EVE Musings

 Posted by at 16:25  No Responses »
Aug 072009
 

I mentioned a few posts back that I was trying to solve a complex integral for damage calculations in EVE Online.  I was doing so in the interests of identifying the “best” overall ship for tackling PvE, specifically L4 agent missions.  My current ship (a T2-fitted Apocalypse) does a fine job of it and I’ve never had to warp out of a mission when I didn’t do something stupid to aggro the whole pocket.  However, if I can be using something better, I’d like to know it.

The problem with the approach I was using, as pointed out by Fraser, is that there are many, many additional factors beyond simple DPS.  In particular, the targets themselves play a big role.  Their size, velocity, angular velocity relative to your ship, and the size of your own weapons all play into the damage calculation (if you’re curious what the full formula is, check it out).  The Raven, for example, is an incredibly common PvE battleship because of how cheap it is to purchase and fast it is to train for at a basic level.  Its main weapons are cruise missiles, which are intended for large targets like battleships.  Consequently, they do less damage against small, nimble targets that can out-run their explosions.  As a result, Ravens often do well to fit target painters, which artificially inflate the apparent size of a ship.  Raw DPS calculations won’t account for this.

I’m not really sure how to resolve it.  I do think there’s an answer — and a generic one, at that — but I’m just not sure what it is.

Aug 062009
 

Been a while since my last post.  Since then, a ton of stuff has happened.

  • We fully moved-in to our house (though we’re still only about 25% unpacked).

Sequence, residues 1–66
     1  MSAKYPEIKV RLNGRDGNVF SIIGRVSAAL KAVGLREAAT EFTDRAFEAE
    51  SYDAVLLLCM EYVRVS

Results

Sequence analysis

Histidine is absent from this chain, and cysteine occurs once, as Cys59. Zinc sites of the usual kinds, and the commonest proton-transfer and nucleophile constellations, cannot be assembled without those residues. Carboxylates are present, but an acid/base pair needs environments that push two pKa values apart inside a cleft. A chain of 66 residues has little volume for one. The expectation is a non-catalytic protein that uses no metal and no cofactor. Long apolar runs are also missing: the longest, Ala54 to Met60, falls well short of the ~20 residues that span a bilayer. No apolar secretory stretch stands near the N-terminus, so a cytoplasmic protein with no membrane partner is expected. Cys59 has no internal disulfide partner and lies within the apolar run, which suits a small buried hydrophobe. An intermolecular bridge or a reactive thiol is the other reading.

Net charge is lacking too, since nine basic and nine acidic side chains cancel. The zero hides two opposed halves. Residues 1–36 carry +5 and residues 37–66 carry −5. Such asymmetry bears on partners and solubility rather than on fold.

• We set a date for the wedding (8/7) and have picked a location for the reception, which may double as the wedding site too.
  • We selected/customized Cody’s engagement ring and matching wedding band
  • My company laid off about 25% of its work force (a layoff I rather miraculously was not a part of).
  • The Vampire game has resumed.

I’m probably forgetting a few things, but those are the big highlights.


One of the reasons I haven’t posted often of late is that it seems a bit of a chore to go to the blog page, log in, write up a post, etc, etc. I’ve recently implemented an easier method of posting that I think should make posting a more frequent occurrence. I’ve also got to get over my internal reluctance to post a battery of short posts as I think of things to say. If Twitter has proven anything, it’s that people enjoy hearing about the exploits of others in short bites. I don’t think I’ll ever hop on the Twitter bandwagon, though (famous last words…).


I finally got LaTeX-style rendering working on my wikis. It’s not that this is particularly difficult to do, but rather I had never had a server setup that would allow me to make the necessary changes to support it before. The particular implementation I’m using right now is MimeTeX. I had to do some custom hackery to make it work (specifically, my server did not seem content to create image links with some of the formatting required by TeX, so I wrote a PHP “middleman” that stands between the MediaWiki math engine and the MimeTeX CGI to properly handle formatting), but it’s great fun.


The major motivating factor in getting the TeX support to work is that I wanted to explore the idea of “damage potential” in EVE Online. Because of the way damage works in EVE, specifically with turrets, a given ship using a given type of gun is going to do the most damage at close range, and then see that damage falloff gradually as the target gets farther and farther away. This isn’t accounting for aspects of the target, which also play a role. The formula for this falloff is known and can be calculated, but I wanted to see how different ships stacked up to one another when they were compared.

I decided that the best way to do this would be to integrate the falloff curve (i.e. find the area bound by the DPS graph for the ship). Of course, this led to about 15 hours of wrestling with a truly atrocious integral. After consulting with Wolfram’s online integrator, engineers at work, the think tank at SDN, my dad, Cody, and Dr. Math,it became clear that the only way to solve the integral was via approximation and a computer.  I wrote up a Python script to do the integral and started getting good results.  I’m not really sure how valid they are, though.  Mathematically, they’re sound, but I’m not sure about their practical application.


I think that’s about it for now.